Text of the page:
Fitzgerald leads NFC over AFC 30-21
The only problem: It wasn’t the Lombardi Trophy.
Fitzgerald caught five passes for 81 yards and two touchdowns, 44-year-old John Carney kicked two fourth-quarter field goals, and the NFC rallied to a 30-21 victory over the AFC. The Arizona Cardinals’ All-Pro receiver, coming off a record-breaking postseason and a spectacular Super Bowl in a loss to the Pittsburgh Steelers, earned MVP honors.
But he said the victory over the AFC, which featured three members of the Steelers’ defense, didn’t ease the pain from the Super Bowl.
“No, not one bit,” he said.
Fitzgerald also took home keys to a new Cadillac.
“I’m just glad we won, that’s the most important thing,” he said.
On a sweltering day, with 60 percent humidity, Kurt Warner started for the NFC and played just one series before making way for Brees. Warner was just 1-of-2 for 8 yards.
“I would’ve liked to have won last week and not this week, if I could switch them out,” he said.
Fitzgerald caught a 46-yard scoring pass from Drew Brees before the half and a 2-yard TD pass from Eli Manning for the go-ahead score with 4:07 to play.
The NFC defense took care of the rest.
Manning, making his Pro Bowl debut, was 8-of-14 for 111 yards. While big brother Peyton had better stats, 12-of-17 for 151 yards and a TD, Eli got the win.
“He didn’t play the whole second half, so it’s not about beating my brother, it’s just about having fun,” Eli Manning said.
The Manning brothers were the first quarterback brothers in Pro Bowl history. And Carney, who was a perfect 3-for-3, became the oldest player in the game’s history. He booted a 48-yarder with 2:06 remaining to make it 30-21 and sealed the win with a 26-yarder with 32 seconds to go.
Sunday’s all-star game ended a successful 30-year run at Aloha Stadium, with a sellout every year. The Pro Bowl will be played in Miami next year, a week before the Super Bowl. The NFL, which has been looking to increase the profile of the game, hopes to bring the game back to Hawaii.
The players, who spent most of the week by the beach and sipping umbrella-adorned mai tais, were pretty unanimous in wanting the game to return.
For Warner, the question now is whether this was his final game in the NFL or, as a free agent, will he opt to continue playing at age 38?
“I don’t know right now,” Warner said. “Again, when I have a feeling one way or the other, I’ll let everyone else know. I don’t have a time frame. This is the first time right now that I am done having to think about football for a while, and I’m going to enjoy that part of it, enjoy my wife, enjoy my kids and then we’ll make a decision as soon as we can.”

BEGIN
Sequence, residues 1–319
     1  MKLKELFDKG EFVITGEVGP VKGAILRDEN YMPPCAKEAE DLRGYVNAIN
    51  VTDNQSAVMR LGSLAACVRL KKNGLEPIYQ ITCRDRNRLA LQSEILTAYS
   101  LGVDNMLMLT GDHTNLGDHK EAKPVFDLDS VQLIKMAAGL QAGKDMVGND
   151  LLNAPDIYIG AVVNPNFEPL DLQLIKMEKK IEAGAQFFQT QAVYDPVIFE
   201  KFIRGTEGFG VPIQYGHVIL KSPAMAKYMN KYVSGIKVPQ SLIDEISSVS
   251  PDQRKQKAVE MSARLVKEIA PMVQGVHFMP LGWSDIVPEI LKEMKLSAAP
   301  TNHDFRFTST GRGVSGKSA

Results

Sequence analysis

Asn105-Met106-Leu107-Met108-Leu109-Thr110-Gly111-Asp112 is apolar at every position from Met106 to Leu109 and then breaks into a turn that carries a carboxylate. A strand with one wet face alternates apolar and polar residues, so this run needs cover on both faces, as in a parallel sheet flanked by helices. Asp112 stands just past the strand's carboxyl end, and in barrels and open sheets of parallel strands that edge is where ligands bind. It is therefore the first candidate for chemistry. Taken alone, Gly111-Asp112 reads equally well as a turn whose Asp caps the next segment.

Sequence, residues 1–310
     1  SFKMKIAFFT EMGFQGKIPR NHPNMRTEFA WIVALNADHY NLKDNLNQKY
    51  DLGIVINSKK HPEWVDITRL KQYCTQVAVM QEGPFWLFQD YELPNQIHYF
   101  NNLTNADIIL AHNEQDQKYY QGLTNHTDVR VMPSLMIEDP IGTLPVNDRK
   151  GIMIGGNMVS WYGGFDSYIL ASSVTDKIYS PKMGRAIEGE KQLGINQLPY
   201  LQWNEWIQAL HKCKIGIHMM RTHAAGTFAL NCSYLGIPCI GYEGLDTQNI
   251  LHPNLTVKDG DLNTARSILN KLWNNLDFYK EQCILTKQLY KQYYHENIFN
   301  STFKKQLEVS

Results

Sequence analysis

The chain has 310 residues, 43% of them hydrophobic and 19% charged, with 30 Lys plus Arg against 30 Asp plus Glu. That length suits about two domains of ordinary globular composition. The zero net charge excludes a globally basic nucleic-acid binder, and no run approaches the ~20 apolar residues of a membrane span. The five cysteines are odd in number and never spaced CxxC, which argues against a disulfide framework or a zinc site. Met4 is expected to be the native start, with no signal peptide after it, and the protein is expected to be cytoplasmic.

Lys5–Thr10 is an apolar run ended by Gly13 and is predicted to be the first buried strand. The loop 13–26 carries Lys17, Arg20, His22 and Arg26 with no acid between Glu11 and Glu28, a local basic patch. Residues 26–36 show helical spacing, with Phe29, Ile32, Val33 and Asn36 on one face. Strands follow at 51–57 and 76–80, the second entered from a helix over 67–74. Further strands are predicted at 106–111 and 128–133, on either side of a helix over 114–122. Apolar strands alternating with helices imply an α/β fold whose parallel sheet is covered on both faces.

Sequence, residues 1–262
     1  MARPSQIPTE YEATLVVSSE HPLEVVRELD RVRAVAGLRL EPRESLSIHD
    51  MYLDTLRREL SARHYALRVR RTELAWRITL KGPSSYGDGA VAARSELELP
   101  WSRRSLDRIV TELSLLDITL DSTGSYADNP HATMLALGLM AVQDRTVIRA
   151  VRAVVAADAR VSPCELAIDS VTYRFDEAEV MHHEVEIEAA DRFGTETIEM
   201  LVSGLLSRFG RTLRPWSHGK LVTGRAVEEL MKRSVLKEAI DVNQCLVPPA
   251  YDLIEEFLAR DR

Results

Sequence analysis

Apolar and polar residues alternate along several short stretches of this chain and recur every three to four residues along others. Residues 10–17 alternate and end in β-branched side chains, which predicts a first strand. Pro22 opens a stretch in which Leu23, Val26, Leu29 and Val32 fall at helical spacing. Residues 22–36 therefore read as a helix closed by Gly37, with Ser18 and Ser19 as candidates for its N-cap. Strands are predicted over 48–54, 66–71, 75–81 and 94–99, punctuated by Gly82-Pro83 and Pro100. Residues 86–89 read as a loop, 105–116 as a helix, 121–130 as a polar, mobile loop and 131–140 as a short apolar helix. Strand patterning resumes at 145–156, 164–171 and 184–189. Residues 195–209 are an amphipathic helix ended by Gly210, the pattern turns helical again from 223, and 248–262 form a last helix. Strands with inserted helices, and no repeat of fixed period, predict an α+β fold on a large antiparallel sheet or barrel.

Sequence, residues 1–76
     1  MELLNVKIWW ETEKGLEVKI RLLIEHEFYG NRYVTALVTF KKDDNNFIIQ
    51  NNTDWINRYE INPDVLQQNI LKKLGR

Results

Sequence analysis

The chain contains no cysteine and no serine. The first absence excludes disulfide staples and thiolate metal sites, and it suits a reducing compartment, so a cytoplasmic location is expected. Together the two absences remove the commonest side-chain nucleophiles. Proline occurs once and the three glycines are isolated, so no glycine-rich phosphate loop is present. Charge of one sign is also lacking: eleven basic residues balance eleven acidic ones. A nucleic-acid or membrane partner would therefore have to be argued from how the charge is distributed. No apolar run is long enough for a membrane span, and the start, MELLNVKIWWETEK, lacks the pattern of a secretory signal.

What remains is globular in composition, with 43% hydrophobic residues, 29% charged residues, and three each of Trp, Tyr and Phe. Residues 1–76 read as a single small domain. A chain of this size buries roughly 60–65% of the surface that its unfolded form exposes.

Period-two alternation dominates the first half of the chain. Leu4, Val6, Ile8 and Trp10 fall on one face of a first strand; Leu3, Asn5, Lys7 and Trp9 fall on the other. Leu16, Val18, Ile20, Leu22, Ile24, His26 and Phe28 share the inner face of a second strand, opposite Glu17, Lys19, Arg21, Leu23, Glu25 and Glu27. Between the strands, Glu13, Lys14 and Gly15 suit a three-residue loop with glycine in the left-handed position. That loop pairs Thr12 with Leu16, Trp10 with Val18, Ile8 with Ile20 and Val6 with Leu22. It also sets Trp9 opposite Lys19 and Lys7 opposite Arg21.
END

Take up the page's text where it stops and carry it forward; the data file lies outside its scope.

The AFC was looking to hula dance into halftime with a comfortable 14-3 cushion after Kerry Collins connected with Owen Daniels on a 9-yard scoring pass with 28 seconds left in the half.
However, that was more than enough the time for the NFC, with all its weapons.
The NFC took over at its 45 with 19 seconds left after a nice kickoff return by Clifton Smith. They ran two plays before Larry Fitzgerald hauled in Brees’ 46-yard bomb with fellow All-Pro Cortland Finnegan on his back as time expired to pull the NFC to 14-10.
It made for two huge end-of-the-half plays in consecutive weeks for Fitzgerald. But this time, rather than trying—and failing—to chase down James Harrison on his 100-yard interception returned for a TD, Fitzgerald was the one celebrating.
Fitzgerald also beat Finnegan on his second score.
“These guys are such elite players, it doesn’t take much time to get in the groove with these players,” Fitzgerald said. “These guys were great.”
The usual high-scoring affair surprisingly also featured plenty of defense. Despite rules such as no blitzing linebackers and safeties, the quarterbacks were feeling the heat, at times buried by the defensive line. None of the passes had any room for error on throws against the speedy defensive backs.
The AFC had a chance to take the lead late, but Julius Peppers got in the way. Down by six, the AFC started its drive on its 20 with 4:03 remaining and got to midfield. Peppers then swatted a pass by Jay Cutler with his left hand and came up with the interception that led to Carney’s 48-yard field goal.
There were three straight drives ending with a turnover in a span of about 2 minutes in the third quarter alone, including two by Collins.
The second led to the NFC’s first lead of the game, 17-14, late in the third quarter. Jared Allen stripped Collins from behind and scooped up the bouncing ball at the AFC 10. All-Pro Adrian Peterson, last year’s Pro Bowl MVP, finished it off with a 10-yard run.
Pinned on its 4, the AFC came out firing behind the league MVP. Peyton Manning completed passes of 20, 18, 22, 4, and 6 yards to five players before hitting Tony Gonzalez for the score on a high-arcing, 19-yard pass.
Gonzalez, who earlier this week indicated he may want out of Kansas City to play for a contender, easily outmaneuvered Seattle linebacker Julian Peterson before hauling in the pass and tiptoeing into the end zone. Gonzalez, also an All-Pro, finished with six catches for 98 yards.
On the ensuing series, Robert Mathis stripped Brees and gave possession back to the AFC.
Manning then completed a 22-yarder to Colts teammate Reggie Wayne before the NFC finally started playing some defense.
After the AFC reached the NFC’s 31, Peppers squashed Manning—and gave him a hand to get back up. It is, after all, the Pro Bowl.
Last updated: 9:41 am Thursday, December 13, 2012